Seattle City Attorney poll finding
A visual of NPI's poll finding for Seattle City Attorney, 2021

As the end of Fil­ing Week approached a cou­ple of months ago, three term incum­bent Seat­tle City Attor­ney Pete Holmes’ name was list­ed alone under the head­ing for that office, with seem­ing­ly no chal­lengers in sight and one ear­ly promi­nent chal­lenger hav­ing with­drawn from the race weeks before.

Then, with the Fri­day after­noon dead­line quick­ly draw­ing near, two oppo­nents emerged at last: Nicole Thomas-Kennedy and Ann Davison.

Both chal­lengers are right behind Holmes as vot­ing begins in the August 2021 Top Two elec­tion, with 53% of like­ly vot­ers not sure who they’re vot­ing for, a new poll con­duct­ed for the North­west Pro­gres­sive Insti­tute has found.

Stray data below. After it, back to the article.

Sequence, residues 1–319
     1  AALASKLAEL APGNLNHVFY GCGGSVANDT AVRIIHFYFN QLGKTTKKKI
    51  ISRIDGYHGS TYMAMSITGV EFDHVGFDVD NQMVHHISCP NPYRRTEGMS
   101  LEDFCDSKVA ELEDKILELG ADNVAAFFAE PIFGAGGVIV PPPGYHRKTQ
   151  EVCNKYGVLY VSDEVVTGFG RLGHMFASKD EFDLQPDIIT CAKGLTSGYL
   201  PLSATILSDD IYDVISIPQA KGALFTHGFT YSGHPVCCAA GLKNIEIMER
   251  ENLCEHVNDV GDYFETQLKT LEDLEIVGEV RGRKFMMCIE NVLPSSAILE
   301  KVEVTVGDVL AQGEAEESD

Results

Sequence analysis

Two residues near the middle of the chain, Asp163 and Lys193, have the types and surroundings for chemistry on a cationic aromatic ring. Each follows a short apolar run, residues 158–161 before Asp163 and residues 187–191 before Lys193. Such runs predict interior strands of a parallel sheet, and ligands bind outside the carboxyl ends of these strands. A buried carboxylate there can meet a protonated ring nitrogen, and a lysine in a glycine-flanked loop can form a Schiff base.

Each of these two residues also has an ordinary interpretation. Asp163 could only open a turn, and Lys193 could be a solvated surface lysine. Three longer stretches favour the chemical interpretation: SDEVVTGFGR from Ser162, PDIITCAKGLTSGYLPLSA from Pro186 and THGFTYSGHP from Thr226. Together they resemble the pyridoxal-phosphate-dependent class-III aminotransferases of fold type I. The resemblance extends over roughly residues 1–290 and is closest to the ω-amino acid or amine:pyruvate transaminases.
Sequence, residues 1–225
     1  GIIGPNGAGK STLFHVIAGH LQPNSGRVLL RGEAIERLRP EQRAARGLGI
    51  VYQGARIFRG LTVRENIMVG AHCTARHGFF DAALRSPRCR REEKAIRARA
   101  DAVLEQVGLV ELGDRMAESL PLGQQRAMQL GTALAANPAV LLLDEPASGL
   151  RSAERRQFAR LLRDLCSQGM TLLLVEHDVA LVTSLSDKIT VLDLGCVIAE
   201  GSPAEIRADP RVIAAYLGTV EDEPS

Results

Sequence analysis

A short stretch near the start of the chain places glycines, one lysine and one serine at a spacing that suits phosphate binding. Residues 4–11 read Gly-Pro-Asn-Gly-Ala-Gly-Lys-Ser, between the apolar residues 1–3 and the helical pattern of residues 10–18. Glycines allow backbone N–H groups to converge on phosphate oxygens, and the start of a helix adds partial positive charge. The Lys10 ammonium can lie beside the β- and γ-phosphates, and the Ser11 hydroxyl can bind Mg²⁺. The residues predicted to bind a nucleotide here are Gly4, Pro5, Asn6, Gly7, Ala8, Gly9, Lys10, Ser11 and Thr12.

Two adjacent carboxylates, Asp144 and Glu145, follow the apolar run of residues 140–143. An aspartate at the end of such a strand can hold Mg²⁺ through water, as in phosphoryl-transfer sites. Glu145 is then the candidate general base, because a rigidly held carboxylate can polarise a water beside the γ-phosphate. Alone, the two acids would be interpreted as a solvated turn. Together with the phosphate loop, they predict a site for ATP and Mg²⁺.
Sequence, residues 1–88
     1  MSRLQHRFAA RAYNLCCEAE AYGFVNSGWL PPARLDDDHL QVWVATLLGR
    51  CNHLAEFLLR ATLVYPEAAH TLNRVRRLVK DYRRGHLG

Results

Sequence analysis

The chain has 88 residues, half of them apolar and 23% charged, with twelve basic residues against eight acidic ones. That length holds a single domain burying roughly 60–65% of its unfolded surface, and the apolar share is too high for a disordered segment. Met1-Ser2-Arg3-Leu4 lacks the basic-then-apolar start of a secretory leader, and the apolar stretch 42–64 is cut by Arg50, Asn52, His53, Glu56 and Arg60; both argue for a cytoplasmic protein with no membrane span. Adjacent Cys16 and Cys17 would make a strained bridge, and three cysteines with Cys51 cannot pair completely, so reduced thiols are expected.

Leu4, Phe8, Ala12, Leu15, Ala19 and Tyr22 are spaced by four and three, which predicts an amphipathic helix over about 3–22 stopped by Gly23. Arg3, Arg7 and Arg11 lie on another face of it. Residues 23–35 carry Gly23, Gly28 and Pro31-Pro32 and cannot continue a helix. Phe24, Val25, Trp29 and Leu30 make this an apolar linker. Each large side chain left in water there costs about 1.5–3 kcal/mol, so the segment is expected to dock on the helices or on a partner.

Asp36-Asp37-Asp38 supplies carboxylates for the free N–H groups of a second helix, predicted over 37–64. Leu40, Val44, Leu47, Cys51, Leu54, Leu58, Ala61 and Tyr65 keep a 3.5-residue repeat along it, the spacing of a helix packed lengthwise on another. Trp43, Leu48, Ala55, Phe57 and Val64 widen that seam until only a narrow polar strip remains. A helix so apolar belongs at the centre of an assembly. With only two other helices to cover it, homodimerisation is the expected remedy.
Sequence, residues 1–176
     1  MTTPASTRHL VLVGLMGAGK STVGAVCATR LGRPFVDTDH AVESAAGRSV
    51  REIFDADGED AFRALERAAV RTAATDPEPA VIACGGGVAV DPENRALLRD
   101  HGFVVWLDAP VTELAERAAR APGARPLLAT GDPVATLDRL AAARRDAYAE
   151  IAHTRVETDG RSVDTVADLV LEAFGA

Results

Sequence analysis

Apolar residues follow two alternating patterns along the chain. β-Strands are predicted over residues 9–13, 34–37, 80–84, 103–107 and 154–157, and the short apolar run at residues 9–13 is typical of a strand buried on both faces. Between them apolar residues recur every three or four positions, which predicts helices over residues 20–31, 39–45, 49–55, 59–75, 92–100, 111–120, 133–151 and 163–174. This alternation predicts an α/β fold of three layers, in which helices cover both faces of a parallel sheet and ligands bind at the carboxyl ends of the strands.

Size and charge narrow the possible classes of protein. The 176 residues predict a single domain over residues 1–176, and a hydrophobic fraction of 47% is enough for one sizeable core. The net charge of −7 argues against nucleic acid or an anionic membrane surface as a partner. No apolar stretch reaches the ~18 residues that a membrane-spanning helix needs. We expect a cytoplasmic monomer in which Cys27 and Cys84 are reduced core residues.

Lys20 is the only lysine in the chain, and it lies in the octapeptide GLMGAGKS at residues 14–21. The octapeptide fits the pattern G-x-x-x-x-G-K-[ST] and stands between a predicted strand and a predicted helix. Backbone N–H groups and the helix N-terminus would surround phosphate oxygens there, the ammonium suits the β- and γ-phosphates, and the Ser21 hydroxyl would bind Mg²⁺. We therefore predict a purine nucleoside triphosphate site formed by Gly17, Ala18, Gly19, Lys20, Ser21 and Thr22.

Holmes does have a lead, but it’s very small.

There’s sim­ply not much dis­tance right now between his can­di­da­cy, which gar­nered 16% sup­port, and that of Thomas-Kennedy and Davi­son, who each earned the sup­port of 14% of respon­dents in the survey.

Seattle City Attorney poll finding
A visu­al of NPI’s poll find­ing for Seat­tle City Attor­ney, 2021

Holmes was eas­i­ly reelect­ed in 2017 and 2013, but this year could be a dif­fer­ent sto­ry, our sur­vey results sug­gest. Dis­sat­is­fac­tion with Holmes prompt­ed both The Seat­tle Times and The Stranger to recent­ly endorse his opponents.

The Times picked Davi­son, while The Stranger chose Thomas-Kennedy.